TITLE: "Either Take Control, or Cede it to the Software" AUTHOR: Eugene Wallingford DATE: July 12, 2013 3:08 PM DESC: ----- BODY: Mandy Brown tells editors and "content creators" to take control of their work:
It's time content people of all stripes recognized the WYSIWYG editor for what it really is: not a convenient shortcut, but a dangerous obstacle placed between you and the actual content. Because content on the web is going to be marked up one way or another: you either take control of it or you cede it to the software, but you can't avoid it. WYSIWYG editors are fine for amateurs, but if you are an editor, or copywriter, or journalist, or any number of the kinds of people who work with content on the web, you cannot afford to be an amateur.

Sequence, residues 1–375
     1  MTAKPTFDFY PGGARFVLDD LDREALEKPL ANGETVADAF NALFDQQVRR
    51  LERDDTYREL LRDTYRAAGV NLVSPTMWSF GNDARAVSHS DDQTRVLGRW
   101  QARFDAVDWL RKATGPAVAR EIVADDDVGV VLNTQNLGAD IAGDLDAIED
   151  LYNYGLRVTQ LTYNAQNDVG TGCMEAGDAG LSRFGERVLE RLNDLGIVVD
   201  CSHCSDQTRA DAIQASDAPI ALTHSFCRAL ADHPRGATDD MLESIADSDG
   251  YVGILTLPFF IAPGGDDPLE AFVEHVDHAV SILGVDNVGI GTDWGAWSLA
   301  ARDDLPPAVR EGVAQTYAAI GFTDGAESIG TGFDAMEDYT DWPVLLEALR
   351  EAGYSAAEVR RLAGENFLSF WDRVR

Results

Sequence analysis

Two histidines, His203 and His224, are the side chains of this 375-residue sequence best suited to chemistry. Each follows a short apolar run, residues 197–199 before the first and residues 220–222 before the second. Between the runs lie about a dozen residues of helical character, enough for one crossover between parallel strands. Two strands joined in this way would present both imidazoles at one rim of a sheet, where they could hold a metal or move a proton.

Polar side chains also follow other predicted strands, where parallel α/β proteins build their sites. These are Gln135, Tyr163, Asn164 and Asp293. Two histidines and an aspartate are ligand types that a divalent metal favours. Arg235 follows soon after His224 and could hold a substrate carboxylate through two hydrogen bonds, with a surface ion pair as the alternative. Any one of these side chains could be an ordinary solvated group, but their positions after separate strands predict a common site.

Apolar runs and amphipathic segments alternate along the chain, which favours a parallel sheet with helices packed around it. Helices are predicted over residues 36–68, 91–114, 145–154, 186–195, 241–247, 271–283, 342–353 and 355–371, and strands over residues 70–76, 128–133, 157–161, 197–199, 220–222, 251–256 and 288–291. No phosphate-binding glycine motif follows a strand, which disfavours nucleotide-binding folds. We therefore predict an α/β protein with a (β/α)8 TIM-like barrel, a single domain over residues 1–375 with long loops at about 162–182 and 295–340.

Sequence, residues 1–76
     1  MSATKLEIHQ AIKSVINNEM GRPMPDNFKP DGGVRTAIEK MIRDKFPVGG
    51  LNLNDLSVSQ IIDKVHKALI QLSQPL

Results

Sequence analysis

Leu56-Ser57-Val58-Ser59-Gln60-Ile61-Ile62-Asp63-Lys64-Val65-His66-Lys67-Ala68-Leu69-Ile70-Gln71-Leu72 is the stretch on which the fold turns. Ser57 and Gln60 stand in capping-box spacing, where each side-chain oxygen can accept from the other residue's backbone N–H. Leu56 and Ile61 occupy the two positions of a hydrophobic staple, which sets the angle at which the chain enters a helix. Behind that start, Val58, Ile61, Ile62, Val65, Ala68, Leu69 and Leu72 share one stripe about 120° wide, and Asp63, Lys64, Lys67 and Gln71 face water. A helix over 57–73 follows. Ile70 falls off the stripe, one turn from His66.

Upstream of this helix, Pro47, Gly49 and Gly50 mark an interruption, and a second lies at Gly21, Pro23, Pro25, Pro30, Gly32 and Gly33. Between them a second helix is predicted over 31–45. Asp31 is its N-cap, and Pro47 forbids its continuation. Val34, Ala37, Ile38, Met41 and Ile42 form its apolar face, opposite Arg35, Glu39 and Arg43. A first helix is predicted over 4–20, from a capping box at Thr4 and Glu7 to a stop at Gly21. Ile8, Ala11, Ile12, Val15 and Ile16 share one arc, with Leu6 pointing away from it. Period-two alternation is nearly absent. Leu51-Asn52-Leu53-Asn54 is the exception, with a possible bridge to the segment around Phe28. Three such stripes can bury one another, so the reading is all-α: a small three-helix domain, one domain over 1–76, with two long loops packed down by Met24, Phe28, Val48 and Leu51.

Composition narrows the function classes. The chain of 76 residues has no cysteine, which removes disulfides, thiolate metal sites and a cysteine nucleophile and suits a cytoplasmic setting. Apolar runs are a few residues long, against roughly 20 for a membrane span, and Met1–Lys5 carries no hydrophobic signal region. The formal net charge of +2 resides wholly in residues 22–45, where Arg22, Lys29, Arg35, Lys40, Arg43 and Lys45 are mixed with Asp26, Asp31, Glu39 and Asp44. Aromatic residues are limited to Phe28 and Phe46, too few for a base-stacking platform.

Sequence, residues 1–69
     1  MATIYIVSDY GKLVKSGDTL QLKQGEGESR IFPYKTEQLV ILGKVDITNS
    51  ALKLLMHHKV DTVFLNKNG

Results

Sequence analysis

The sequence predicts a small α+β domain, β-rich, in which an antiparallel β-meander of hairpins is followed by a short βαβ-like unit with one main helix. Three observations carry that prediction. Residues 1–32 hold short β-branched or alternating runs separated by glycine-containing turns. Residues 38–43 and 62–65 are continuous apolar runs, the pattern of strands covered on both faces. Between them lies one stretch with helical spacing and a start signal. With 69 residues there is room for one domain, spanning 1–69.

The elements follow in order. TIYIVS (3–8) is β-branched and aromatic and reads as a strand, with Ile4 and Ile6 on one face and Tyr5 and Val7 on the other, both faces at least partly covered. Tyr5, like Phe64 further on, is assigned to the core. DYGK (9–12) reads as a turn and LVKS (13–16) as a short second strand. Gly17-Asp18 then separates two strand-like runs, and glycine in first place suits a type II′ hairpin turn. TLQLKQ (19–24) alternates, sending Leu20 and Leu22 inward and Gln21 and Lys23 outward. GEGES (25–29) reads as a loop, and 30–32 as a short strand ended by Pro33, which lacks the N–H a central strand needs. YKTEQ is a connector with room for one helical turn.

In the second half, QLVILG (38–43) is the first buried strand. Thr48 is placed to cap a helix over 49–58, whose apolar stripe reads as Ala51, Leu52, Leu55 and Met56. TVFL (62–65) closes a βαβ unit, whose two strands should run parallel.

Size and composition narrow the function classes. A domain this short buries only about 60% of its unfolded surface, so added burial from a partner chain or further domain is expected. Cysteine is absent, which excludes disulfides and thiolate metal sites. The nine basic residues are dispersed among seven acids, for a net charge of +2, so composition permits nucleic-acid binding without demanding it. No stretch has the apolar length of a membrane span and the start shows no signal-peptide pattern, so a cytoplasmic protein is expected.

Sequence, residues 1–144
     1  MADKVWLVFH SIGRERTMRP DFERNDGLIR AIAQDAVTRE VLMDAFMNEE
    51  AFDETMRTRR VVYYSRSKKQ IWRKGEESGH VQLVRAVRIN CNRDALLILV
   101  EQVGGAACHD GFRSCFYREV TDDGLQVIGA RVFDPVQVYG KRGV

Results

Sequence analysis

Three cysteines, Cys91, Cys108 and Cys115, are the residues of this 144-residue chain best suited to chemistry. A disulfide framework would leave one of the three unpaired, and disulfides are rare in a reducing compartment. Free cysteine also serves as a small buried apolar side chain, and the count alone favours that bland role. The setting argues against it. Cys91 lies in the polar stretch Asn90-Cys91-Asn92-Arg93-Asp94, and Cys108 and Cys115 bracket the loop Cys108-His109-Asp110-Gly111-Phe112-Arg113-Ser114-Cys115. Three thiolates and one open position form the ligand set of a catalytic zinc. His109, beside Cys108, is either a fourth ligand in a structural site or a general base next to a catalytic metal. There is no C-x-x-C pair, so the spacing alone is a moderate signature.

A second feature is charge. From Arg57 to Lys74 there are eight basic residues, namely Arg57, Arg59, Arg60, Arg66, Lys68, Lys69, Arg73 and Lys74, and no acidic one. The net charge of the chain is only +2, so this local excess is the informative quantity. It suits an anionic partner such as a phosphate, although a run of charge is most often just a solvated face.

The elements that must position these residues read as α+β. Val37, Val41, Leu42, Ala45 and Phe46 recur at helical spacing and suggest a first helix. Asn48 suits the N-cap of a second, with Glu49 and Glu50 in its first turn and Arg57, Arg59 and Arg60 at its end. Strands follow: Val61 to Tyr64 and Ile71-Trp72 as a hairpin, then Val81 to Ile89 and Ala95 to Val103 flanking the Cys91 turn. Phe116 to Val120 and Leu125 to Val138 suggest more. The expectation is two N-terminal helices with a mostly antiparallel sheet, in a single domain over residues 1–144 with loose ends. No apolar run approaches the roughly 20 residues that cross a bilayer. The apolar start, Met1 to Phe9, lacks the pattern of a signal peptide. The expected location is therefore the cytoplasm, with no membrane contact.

Pros can sling a little code, too. Brown's essay reminded me of a blog entry I was discussing with a colleague recently, Andrew Hayes's Why Learn Syntax? Hayes tells statisticians that they, too, should take control of their data, by learning the scripting language of the statistical packages they use. Code is a record of an analysis, which allows it to be re-run and shared with others. Learning to write code also hones one's analytical skills and opens the door to features not available through the GUI. These articles speak to two very different audiences, but the message is the same. Don't just be a user of someone else's tools and be limited to their vision. Learn to write a little code and take back the power to create. -----